Overview

As the healthcare landscape continues to evolve and present new challenges, many companies are finding that growth is slowing and profitability is declining from existing products and traditional approaches. L.E.K. has experience across the entire medtech value chain (from contract manufacturing to distribution to the actual provision of care), helping clients overcome many of the key challenges they face today and take advantage of distinct opportunities that are presenting themselves. Some of these challenges and opportunities include:

  • Slowing U.S. healthcare spending growth: Cost pressures on the U.S. healthcare system are manifesting into slowing growth for medical device companies domestically, forcing medtechs to look abroad for new avenues of revenue growth, particularly in high-growth, emerging markets. However, incremental growth from emerging markets is unlikely to be sufficient to satisfy shareholders’ growth expectations, thereby forcing medtechs to revisit other nontraditional growth pathways and to access new revenue pools. With less than 8% of overall healthcare spending devoted to medical devices, medtechs have opportunities to expand their solutions, particularly those that reduce other cost components (e.g., reducing the pharmacological cost burden of expensive patient segments, reducing labor inefficiencies).
  • Increased focus on accountability and value-based payments presents both an opportunity and a challenge for medtechs, as providers are forced to consider the total cost of care and look for medtech partners to help take on a larger role in driving down costs. Additionally, increased focus on accountability is further driving providers to consolidate into large health systems in order to drive cost efficiencies and to seek participation across the care continuum; while this provider consolidation is leading to opportunities for medtechs to focus selling efforts on large health systems, it also presents challenges for suppliers that must deal with more sophisticated procurement and standardization needs as well as heightened competition for the largest accounts.
  • Traditional lines blurring across stakeholders in the medtech value chain: Medtechs may also be able to realize opportunities by redefining the boundaries of their businesses. This is reflected in how many large medtechs are expanding their service offerings and, in some cases, even providing care (e.g., Medtronic buying Diabeter), distributors expanding their own portfolios of manufactured products and selling their own branded products (e.g., Cardinal Health), and, conversely, some manufacturers vertically integrating into distribution (e.g., Bard acquiring Liberator Medical). GPOs are likewise expanding their service offerings (beyond contracting), and contract manufacturers of medical devices are also moving into upstream functions such as product design and prototyping.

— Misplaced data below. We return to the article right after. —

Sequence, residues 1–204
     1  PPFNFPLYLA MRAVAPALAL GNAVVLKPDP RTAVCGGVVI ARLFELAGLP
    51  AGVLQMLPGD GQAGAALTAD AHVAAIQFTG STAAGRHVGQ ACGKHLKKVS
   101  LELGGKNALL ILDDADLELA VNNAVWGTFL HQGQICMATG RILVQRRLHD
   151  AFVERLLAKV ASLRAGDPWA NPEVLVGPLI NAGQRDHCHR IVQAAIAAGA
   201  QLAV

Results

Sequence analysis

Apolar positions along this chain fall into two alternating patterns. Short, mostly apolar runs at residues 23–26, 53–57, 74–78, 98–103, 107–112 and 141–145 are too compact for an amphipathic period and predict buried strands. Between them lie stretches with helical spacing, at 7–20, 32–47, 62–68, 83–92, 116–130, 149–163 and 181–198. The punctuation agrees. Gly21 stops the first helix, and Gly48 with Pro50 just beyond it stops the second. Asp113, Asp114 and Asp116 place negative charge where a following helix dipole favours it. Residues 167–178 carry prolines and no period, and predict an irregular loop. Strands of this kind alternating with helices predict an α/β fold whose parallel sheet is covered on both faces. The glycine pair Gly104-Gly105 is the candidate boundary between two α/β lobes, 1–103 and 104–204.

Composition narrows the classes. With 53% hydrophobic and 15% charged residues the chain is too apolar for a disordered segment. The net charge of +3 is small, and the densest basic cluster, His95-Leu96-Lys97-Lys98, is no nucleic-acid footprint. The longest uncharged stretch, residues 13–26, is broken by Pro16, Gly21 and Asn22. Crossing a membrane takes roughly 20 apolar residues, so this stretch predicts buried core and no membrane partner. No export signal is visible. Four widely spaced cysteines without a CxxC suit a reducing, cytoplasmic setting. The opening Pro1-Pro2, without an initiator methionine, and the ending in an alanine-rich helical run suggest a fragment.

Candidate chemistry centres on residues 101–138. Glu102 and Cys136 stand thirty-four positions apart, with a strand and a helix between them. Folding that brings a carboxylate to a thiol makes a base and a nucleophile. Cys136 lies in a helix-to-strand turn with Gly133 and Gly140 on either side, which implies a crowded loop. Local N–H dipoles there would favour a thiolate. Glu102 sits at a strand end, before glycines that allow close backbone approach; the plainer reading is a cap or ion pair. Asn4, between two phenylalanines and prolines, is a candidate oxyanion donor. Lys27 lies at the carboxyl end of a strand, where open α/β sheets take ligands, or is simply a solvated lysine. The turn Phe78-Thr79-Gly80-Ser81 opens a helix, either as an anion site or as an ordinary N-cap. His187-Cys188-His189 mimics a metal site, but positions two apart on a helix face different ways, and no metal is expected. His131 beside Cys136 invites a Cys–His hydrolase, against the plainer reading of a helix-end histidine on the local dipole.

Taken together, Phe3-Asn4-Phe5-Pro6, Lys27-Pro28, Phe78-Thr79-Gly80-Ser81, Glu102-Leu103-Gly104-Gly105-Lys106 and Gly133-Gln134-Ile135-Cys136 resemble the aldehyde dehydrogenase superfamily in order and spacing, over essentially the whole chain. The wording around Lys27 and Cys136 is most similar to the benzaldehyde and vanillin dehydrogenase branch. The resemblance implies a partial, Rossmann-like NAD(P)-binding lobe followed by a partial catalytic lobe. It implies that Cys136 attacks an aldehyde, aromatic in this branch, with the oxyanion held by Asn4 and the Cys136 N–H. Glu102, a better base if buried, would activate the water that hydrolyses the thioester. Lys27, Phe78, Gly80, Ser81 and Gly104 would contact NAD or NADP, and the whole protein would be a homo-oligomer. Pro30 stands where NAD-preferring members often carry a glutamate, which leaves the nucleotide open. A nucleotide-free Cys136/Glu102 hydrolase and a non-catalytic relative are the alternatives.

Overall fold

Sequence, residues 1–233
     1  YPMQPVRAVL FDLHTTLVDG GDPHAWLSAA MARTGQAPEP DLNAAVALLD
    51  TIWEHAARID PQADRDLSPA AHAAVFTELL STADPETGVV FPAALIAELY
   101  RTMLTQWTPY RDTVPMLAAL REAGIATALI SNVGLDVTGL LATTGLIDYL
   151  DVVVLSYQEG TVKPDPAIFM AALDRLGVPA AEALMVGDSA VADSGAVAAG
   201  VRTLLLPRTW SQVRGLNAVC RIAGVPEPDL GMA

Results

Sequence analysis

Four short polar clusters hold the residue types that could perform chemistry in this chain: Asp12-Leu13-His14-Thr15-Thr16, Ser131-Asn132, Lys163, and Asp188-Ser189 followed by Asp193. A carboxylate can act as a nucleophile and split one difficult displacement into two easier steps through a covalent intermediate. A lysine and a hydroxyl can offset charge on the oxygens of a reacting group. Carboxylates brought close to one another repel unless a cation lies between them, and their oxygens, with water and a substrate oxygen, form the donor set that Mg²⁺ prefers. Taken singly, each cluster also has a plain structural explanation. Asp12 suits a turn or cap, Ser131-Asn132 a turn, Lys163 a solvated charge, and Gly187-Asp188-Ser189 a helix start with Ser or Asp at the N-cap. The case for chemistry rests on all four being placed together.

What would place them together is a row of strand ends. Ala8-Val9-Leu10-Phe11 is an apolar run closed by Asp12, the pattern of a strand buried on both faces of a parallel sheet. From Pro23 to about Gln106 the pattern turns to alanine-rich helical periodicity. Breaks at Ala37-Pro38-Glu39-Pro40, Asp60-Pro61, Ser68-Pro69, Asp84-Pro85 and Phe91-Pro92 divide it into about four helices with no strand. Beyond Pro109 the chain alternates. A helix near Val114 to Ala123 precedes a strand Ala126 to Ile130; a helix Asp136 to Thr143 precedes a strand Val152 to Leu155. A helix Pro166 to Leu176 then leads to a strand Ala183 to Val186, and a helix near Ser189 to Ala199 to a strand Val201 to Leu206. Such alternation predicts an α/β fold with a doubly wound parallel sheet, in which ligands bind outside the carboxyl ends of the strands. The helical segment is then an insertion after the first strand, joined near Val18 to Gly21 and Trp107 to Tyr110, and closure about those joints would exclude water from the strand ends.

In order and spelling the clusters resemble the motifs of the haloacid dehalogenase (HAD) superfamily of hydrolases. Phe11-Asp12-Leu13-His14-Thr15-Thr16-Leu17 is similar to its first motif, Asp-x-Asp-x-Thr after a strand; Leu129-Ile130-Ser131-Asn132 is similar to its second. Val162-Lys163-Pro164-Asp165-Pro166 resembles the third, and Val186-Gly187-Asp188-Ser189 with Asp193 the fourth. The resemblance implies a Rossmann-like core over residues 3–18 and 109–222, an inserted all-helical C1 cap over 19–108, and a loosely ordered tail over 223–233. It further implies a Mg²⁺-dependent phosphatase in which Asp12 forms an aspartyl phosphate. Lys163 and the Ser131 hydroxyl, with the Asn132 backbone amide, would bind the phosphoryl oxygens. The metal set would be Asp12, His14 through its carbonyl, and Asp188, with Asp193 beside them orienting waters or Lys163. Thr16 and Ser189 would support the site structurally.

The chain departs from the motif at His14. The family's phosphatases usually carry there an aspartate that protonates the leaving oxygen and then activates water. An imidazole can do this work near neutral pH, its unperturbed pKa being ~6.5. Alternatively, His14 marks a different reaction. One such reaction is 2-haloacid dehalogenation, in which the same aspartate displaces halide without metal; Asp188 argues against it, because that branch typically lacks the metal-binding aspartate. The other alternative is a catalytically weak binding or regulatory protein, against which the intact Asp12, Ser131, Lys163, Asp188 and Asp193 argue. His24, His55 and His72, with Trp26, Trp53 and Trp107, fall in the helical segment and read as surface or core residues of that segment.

• Medtech supplier consolidation: Consolidation among providers and pressures to provide broad portfolios of products present smaller players with both challenges and opportunities to compete in an increasingly concentrated competitive landscape.
  • Increased focus on services and solutions: More so than with other types of suppliers to health systems, medtechs are particularly well-positioned to differentiate themselves as “solution” providers, solve key customer unmet needs and increase customer stickiness. There will be “losers” in the race to be preferred partners with leading health systems (that increasingly want fewer, deeper partners), but the benefits will be substantial as providers consolidate and worth the upfront investments to win the long game.
  • Medtech commercial model evolution: Given the changes described above, medtechs are re-evaluating their approach to serving customers (e.g., through innovative gain-sharing models), and are also being forced to revisit their segmentation and targeting approaches to more effectively (and efficiently) serve customers that are changing in both their composition (e.g., increased administrator influence) and broader needs (e.g., dealing with growing accountability).
  • Medtech evolution in pricing and contracting: Given the evolution in the provider landscape, medtechs are finding it more and more important to upgrade how they segment/tier their customers, as well as how they price their products and contract with their customers. Historically, high product margins and the dominance of fee-for-service reimbursement enabled medtechs to send armies of sales reps to sell to individual physicians with minimal focus on contracting strategies and pricing discipline. Although medtechs could “afford” GPO fees and pricing inefficiencies historically, they cannot anymore. As a result, medtechs are increasingly looking for ways to provide tiered pricing and service to customers, re-evaluate their existing GPO relationships and increase focus on direct contracting approaches with large health systems.

Given the above opportunities and challenges, we believe that changes in the healthcare landscape open new and profitable opportunities for companies that can successfully evolve. In this environment, medtechs must endeavor not only to maximize returns from their existing business but also to use their core competencies as the foundation for new sources of growth and opportunities.